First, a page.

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Property Investment for Expats in Malta

Submitted: November 2013

Property investment in Malta is restricted, though it is largely possible for expats to buy a home there. Round-trip property transaction costs are moderately low by international standards (around 9%).

The Maltese like to own their home. Malta’s homeownership rate (77%) contrasts with Germany (46%). Like many other countries in the world, the expansion of credit has caused a housing boom prior to the 2008 downturn. However, this boom and bust cycle was limited in Malta.

Foreign investment restrictions

Malta’s property investment restrictions can remind of some jurisdictions in the Asia-Pacific region, such as Australia or Singapore.

As a general rule, foreign nationals must apply for an Acquisition of Immoveable Property (AIP) permit, subject to minimum investments of €103,906 (flats or maisonettes) or €173,129 (others). Exemptions may apply in Special Designated Areas (SDAs).  SDAs are designed to cover prime property only and they are free of any foreign investment restrictions. The detailed rules are available here.

On an AIP permit, you can buy one property only. It must be for a residential purpose, i.e. you cannot rent it out. Malta tends to welcome foreign investment and an AIP permit will most likely just cost you a €233 application fee.

As a result of on-going negotiations with Brussels, EU nationals with permanent resident status (after 5 years) may also enjoy the same rights as resident Maltese citizens. Otherwise, they are treated like non-EU nationals.

Maltese housing market generally

Malta has become quite cheap with regard to housing. You can generally expect home prices to range between €2,200 and €2,800 per sqm.

Property prices had nearly doubled in the first half of the last decade, before going south in 2006. In nominal terms, prices are still around 10% below the 2006 peak. In real terms, that should be closer to 30%. Prices are not expected to substantially bounce back any time soon because of the Euro-zone crisis, but they seem to have stabilised.

Unlike the neighbouring countries, Malta’s GDP growth has remained quite resilient throughout the Euro-zone crisis (1.7%). Regarding housing supply, the output is generally between 1,000 and 1,500 per year. There is no significant housing shortage in Malta, at least not at the moment.

An assessment of the Maltese housing market must include many other macroeconomic factors, including:

  • Mortgage availability
  • Interest rate variations (if they go up, property prices go down)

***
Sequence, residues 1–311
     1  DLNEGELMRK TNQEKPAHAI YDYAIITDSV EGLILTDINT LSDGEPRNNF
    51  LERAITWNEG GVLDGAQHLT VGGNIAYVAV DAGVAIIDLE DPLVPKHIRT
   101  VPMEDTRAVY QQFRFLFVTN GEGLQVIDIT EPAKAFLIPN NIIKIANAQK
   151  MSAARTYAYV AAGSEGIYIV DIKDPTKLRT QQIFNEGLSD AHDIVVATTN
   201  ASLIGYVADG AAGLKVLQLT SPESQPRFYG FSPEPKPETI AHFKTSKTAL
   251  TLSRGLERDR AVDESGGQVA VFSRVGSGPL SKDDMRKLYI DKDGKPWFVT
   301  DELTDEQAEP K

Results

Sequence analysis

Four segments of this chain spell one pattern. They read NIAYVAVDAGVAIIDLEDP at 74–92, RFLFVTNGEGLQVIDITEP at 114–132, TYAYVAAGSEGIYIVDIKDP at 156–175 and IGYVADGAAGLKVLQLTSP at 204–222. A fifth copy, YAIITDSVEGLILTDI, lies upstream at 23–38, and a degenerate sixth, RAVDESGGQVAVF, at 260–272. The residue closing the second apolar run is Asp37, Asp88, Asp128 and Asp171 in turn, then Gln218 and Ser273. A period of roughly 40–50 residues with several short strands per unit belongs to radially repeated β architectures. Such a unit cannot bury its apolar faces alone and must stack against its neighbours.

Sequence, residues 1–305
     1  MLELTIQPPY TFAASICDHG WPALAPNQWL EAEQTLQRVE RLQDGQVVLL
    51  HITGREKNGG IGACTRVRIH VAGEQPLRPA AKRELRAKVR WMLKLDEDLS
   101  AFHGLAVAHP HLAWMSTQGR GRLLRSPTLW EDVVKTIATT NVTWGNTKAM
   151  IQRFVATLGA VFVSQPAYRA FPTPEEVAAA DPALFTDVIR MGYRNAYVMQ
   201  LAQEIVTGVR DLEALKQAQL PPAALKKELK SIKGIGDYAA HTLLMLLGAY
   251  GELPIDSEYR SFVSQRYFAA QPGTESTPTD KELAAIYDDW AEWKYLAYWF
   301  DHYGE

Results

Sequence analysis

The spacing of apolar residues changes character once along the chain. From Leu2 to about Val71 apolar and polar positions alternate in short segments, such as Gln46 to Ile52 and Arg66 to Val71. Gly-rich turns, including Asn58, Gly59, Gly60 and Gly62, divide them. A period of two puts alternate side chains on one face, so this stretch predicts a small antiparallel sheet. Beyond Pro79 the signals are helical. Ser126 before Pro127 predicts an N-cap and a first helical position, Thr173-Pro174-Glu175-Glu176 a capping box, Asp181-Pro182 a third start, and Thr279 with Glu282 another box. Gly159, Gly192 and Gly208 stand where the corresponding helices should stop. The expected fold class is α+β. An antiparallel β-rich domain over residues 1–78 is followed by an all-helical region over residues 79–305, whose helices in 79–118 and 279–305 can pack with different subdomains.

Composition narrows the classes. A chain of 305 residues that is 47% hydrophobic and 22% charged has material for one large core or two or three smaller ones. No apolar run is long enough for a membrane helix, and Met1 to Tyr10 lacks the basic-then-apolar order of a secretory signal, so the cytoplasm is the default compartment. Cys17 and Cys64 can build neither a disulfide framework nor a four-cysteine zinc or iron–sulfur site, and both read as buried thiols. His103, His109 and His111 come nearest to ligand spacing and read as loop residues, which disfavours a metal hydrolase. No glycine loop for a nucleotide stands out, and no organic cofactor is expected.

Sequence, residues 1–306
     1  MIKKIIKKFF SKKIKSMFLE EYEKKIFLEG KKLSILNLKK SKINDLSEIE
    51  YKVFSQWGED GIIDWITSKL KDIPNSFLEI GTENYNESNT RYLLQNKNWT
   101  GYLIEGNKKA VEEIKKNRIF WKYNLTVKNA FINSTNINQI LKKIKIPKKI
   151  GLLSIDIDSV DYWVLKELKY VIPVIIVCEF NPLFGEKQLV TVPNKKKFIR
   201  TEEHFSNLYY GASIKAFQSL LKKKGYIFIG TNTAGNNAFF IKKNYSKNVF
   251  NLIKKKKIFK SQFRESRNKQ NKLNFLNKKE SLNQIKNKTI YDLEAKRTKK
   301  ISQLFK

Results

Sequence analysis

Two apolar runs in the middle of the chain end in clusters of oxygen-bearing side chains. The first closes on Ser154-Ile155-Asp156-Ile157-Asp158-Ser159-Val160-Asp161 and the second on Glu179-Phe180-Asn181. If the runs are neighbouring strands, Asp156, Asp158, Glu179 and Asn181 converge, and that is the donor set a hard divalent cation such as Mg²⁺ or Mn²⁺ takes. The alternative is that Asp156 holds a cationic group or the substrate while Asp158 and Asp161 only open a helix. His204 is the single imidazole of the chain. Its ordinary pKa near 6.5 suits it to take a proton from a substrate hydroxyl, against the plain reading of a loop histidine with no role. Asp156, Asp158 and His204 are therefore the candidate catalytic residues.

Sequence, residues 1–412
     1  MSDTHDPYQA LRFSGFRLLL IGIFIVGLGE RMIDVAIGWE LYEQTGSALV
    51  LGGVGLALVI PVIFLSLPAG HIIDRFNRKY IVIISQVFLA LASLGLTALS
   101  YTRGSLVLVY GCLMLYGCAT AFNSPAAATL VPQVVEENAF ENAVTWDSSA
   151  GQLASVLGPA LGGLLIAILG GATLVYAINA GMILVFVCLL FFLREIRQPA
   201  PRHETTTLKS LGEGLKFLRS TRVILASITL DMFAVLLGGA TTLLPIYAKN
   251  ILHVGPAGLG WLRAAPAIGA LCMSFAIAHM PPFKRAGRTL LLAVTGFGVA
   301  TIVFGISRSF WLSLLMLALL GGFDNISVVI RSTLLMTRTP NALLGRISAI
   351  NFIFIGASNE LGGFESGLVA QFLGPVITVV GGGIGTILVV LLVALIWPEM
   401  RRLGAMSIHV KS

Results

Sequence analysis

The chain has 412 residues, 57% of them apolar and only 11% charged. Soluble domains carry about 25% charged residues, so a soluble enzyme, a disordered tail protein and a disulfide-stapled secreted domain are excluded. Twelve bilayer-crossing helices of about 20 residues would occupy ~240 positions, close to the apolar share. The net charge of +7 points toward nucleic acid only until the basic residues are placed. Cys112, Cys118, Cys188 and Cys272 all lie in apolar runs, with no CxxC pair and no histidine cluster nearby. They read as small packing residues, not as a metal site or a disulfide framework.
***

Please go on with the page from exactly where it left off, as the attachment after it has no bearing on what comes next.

• Demographic trends (e.g. migration flows)
  • Tax policy, and
  • Psychological factors

Mortgaging

Get your documentation right before applying for a mortgage, and do it early to avoid disappointment. Basically, you can expect interest rates to be between 3 and 4% if intend to be owner-occupier. On a buy-to-let mortgage, this should be closer to 5%, which is virtually uninteresting given Malta’s poor rental yields.

From a financial point of view, remember that:

  • your net borrowing costs include not only interest but also additional mortgage-related fees and taxes
  • interest rates may go up in the future, but they have some room to shrink further as well
  • homeownership costs are not solely about financing costs (you may to plan for other costs, such as maintenance).

For more information on mortgages in Malta, see ACCOMMODATION – Mortgages for Expats in Malta.

Property taxes

There are no property taxes in Malta. Financially, this could justify accepting lower rental yields.

In theory, low property taxes should mean higher home prices. As property prices are moderate anyway, this makes Malta a relatively cheap jurisdiction.

Letting your property

Many expats cannot lease real estate in Malta because of foreign investment restrictions (see above).

Gross rental yields are very low (3 to 4%). Rents can be freely agreed and they may rise further in the future. Rent increases can be expected to at least match inflation over the long-term.

Do check the applicable landlord and tenant law prior to leasing property. In Malta, it is much better to have a reliable tenant than to require court enforcement. Do not attempt to evict a tenant illegally, as illegal eviction may be a criminal offence.

Financial returns

From a financial point of view, the return on property investment comprises of:

  • net rental yields (or rent that you don’t pay), and
  • net capital gains

If rents are to rise (e.g. because of inflation), you are more likely to make capital gains over the long run, i.e. without taking into account medium-term fluctuations, such as mortgage availability.

Don’t be lured too much by expected capital gains. There is definitely some capital gains potential in Malta, but excessive speculation might be a risky business.

 

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